By LaTierra Shauntel Piphus
Unsung heroines and badass mathematicians Katherine Johnson (played by Taraji P. Henson), Mary Jackson, Dorothy Vaughan (Octavia Spencer), Kathryn Peddrew, Sue Wilder, Eunice Smith and Barbara Holley are finally getting some recognition thanks to Black journalist Margot Lee Shetterly.
Shetterly’s compelling word-smithing led to Fox’s interest in developing a film adaptation based off her soon-to-be debuting book “Hidden Figures,” which features the brains behind the 1962 launch of Friendship 7 where John Glenn became the first American to orbit the Earth. If there is still any question on Fox’s end on whether a film like this is necessary, then the answer is “Hell Yes! And it’s long overdue!”
This is what Shetterly had to say about her decision to capture these stories on paper and now on screen:
Most Americans have no idea that from the 1940s through the 1960s, a cadre of African-American women formed part of the country’s space work force, or that this group—mathematical ground troops in the Cold War—helped provide NASA with the raw computing power it needed to dominate the heavens. My current work in progress, a narrative non-fiction book entitled HIDDEN FIGURES recovers the history of these pioneering women and situates it in the intersection of the defining movements of the American century: the Cold War, the Space Race, the Civil Rights movement and the quest for gender equality.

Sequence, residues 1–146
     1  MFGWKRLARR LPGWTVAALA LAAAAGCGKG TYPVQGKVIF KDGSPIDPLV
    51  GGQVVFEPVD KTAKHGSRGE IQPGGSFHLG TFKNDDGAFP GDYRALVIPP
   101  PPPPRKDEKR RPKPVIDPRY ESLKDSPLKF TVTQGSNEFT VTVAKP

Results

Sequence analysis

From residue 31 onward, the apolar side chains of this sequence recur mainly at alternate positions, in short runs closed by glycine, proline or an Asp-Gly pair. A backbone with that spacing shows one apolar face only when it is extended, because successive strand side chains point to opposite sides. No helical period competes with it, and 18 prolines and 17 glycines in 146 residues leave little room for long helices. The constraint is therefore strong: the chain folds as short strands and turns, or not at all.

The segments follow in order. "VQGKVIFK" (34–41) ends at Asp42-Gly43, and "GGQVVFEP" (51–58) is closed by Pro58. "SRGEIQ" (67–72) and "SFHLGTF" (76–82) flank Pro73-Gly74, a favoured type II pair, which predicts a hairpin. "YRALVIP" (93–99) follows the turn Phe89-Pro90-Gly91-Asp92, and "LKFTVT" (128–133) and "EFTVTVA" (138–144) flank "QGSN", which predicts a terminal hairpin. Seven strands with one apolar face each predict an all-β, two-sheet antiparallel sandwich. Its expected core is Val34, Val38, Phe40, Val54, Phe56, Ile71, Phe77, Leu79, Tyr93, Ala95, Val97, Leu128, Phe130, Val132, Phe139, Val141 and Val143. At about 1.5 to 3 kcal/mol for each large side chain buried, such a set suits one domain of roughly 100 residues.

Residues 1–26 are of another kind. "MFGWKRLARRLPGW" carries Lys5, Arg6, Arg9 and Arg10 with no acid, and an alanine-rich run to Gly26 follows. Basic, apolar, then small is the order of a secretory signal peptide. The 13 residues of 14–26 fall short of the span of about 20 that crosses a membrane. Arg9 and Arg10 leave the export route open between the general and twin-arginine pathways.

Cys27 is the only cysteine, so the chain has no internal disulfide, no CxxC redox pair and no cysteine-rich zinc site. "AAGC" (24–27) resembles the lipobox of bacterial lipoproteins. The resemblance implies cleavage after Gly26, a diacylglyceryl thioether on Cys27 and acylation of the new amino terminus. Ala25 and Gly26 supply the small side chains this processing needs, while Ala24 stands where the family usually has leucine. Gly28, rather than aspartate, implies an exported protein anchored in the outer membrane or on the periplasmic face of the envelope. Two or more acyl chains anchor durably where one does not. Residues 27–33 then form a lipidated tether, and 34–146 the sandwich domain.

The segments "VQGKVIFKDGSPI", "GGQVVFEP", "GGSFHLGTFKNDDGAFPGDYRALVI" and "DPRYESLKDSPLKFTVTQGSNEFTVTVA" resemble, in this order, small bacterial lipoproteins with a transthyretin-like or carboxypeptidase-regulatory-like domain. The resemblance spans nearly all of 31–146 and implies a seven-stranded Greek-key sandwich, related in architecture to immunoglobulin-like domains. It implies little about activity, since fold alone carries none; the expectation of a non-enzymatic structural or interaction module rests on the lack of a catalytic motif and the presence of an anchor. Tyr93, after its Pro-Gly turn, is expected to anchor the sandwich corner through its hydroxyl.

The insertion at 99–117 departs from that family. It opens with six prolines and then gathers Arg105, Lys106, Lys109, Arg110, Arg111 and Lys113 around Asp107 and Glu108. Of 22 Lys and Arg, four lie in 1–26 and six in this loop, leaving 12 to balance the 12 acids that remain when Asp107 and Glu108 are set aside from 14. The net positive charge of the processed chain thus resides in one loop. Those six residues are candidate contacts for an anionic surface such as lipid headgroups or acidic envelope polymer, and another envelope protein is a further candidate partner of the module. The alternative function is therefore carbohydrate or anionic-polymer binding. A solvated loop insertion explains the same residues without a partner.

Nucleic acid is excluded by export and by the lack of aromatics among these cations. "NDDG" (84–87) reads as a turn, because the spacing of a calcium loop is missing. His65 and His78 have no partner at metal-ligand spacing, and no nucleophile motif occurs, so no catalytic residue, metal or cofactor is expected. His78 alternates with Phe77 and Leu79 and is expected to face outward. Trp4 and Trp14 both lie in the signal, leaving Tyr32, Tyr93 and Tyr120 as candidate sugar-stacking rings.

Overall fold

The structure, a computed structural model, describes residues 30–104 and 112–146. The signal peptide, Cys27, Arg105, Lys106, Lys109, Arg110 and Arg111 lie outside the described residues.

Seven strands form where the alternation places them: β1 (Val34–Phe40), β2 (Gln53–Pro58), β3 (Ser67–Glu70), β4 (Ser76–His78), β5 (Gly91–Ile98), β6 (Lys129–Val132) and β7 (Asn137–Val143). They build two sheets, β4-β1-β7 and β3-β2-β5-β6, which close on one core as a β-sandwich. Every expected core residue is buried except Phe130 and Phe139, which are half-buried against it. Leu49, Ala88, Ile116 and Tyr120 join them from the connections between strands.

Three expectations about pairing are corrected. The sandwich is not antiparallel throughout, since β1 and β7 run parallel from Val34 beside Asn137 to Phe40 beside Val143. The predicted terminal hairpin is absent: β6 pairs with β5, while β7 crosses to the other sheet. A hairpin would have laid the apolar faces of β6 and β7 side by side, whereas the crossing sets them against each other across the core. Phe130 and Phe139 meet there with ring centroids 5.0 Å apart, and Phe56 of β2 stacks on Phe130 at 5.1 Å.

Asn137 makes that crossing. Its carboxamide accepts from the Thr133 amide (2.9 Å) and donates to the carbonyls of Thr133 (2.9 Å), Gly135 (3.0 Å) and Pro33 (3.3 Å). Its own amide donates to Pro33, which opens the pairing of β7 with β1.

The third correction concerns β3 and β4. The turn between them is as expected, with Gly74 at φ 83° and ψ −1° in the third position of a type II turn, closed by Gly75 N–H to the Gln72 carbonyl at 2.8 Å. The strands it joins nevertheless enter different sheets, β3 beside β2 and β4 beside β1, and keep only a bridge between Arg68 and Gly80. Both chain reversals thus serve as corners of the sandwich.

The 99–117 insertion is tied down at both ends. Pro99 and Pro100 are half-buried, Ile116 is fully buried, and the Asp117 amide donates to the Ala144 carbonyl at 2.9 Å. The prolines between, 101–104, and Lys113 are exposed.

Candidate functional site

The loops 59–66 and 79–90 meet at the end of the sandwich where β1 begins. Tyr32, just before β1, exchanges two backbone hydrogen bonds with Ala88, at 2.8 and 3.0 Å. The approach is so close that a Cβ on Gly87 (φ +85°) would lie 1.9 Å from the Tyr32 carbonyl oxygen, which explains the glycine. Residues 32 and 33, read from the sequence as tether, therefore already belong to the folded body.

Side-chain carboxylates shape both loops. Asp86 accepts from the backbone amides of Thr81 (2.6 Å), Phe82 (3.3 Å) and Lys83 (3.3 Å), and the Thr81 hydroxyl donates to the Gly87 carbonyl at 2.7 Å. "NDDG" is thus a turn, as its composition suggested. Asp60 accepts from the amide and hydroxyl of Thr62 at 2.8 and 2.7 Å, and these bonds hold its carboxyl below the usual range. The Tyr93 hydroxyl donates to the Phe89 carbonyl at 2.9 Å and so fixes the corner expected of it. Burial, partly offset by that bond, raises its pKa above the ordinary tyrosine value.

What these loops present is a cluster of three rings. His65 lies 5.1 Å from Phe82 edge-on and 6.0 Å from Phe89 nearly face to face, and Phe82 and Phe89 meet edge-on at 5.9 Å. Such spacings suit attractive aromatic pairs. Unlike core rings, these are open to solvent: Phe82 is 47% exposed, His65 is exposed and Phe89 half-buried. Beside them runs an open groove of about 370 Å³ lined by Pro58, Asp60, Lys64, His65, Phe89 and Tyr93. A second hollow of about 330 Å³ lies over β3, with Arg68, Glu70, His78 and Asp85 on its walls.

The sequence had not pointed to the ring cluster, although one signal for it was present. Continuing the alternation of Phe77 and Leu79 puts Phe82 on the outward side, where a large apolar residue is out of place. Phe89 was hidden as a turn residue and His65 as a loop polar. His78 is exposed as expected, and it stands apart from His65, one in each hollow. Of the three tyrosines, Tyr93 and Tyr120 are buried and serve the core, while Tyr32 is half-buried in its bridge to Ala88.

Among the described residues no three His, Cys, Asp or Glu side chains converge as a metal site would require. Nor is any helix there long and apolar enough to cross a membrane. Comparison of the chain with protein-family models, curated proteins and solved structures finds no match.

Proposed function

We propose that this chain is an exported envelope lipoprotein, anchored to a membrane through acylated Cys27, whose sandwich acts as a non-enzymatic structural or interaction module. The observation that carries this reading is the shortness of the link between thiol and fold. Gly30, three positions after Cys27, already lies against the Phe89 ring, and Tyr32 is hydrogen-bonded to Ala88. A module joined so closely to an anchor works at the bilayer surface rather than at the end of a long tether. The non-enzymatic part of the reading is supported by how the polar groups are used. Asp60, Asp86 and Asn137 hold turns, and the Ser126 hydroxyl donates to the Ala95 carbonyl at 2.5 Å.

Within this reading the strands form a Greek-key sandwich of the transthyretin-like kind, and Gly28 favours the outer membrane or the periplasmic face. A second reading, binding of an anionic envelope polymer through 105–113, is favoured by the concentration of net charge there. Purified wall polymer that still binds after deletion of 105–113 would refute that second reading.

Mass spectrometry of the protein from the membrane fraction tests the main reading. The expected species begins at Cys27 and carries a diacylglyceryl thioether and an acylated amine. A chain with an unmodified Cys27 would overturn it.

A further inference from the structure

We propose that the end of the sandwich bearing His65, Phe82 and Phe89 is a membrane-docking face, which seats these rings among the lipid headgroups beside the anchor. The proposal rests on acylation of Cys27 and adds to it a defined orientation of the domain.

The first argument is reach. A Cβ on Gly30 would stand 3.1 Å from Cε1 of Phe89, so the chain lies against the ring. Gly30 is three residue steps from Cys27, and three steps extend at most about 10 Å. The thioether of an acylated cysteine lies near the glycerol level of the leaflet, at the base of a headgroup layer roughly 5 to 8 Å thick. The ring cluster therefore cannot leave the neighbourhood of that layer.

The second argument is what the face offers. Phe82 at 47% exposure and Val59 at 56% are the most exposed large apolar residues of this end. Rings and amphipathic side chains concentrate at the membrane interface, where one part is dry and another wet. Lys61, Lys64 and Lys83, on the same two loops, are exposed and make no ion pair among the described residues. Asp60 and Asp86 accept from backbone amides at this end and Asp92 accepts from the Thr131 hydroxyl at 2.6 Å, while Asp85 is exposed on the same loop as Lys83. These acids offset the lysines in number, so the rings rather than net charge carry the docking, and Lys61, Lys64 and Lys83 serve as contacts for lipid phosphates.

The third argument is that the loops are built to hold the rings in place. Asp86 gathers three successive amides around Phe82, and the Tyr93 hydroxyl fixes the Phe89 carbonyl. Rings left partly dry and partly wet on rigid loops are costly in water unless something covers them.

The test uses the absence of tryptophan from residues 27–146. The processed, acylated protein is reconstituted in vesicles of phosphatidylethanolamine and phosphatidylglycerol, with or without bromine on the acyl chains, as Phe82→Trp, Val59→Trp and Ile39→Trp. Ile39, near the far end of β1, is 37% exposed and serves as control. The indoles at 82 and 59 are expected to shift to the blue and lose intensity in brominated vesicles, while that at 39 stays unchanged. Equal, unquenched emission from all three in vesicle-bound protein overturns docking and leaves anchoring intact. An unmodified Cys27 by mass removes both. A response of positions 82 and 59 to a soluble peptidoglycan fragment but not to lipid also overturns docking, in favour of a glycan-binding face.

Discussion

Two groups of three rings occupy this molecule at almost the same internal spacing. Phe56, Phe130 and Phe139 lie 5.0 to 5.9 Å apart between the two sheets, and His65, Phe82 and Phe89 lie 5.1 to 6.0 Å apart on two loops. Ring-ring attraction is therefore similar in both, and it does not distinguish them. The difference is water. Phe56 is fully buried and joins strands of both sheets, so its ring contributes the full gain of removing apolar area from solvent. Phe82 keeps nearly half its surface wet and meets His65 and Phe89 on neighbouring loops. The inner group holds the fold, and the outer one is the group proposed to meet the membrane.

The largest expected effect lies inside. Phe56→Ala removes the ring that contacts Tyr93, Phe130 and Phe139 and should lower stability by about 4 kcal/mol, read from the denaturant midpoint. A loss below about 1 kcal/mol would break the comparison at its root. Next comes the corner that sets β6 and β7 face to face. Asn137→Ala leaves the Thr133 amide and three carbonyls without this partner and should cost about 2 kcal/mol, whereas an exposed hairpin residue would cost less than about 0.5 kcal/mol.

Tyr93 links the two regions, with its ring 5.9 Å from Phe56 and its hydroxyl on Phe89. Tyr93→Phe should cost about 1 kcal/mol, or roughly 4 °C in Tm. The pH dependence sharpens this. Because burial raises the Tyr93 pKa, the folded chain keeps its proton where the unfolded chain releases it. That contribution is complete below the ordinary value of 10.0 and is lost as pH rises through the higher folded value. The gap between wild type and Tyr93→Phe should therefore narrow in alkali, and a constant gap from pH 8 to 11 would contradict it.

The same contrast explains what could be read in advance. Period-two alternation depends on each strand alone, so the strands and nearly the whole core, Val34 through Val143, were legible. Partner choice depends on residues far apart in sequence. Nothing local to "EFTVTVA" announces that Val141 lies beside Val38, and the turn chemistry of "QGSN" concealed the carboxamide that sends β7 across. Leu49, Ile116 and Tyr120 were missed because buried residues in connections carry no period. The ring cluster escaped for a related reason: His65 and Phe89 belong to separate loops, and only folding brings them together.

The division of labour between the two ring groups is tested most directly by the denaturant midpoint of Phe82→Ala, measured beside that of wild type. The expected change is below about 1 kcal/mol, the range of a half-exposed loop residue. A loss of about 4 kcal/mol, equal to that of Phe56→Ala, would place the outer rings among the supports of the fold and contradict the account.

We all know what a scientist looks like: a wild-eyed person in a white lab coat and utilitarian eyeglasses, wearing a pocket protector and holding a test tube. Mostly male. Usually white. Even Google, our hive mind, confirms the prevailing view. Just do an image search for the word “scientist.”
She is absolutely right, the perceptions about who works in STEM typically don’t include women, people of color and certainly not women who are also people of color. Over the last few years there has been an increasing emphasis on girls and people of color in STEM fields.
Organizations like US2020 has an entire “national effort to match STEM mentors with underrepresented minorities, girls, and low-income students by the year 2020, creating millions of moments of discovery and inspiring the next generation of STEM professionals. Though it is an ambitious task, it’s certainly a step in the right direction and representation is key in helping marginalized communities imagine greater opportunities.”
Additionally, the representation in the casting for this show is beautifully-complex in that both Taraji P. Henson and Octavia Spencer have been privy to past criticisms about some of their roles in TV and movies, despite their undeniable talent. From Taraji being accused of perpetuating the sassy Black woman, or “Sapphire,” stereotype on Empire, to Octavia being charged with promoting the long-despised idea of “Mammy” in The Help. This casting not only shows the recent increase in more diverse roles available to Black actresses, but that our characters can be just as multi-faceted as the actresses that play them.
About the Author: LaTierra Shauntel Piphus
LaTierra Shauntel Piphus is a Media Literacy activist and Social Justice advocate serving non-profits nationwide. She is the founder of rEVOLushunaryAx (pronounced “revolutionary acts”), a consulting organization developed specifically to address media justice within communities of color, which experience racial, social and economic injustices. “We tackle barriers impacting our communities through media literacy education, computer literacy training and, essentially, attempting to close the Digital Divide.” You can follow her on Twitter: @rEVOLushunaryAx or add her on Facebook: LaTierra Shauntel Piphus.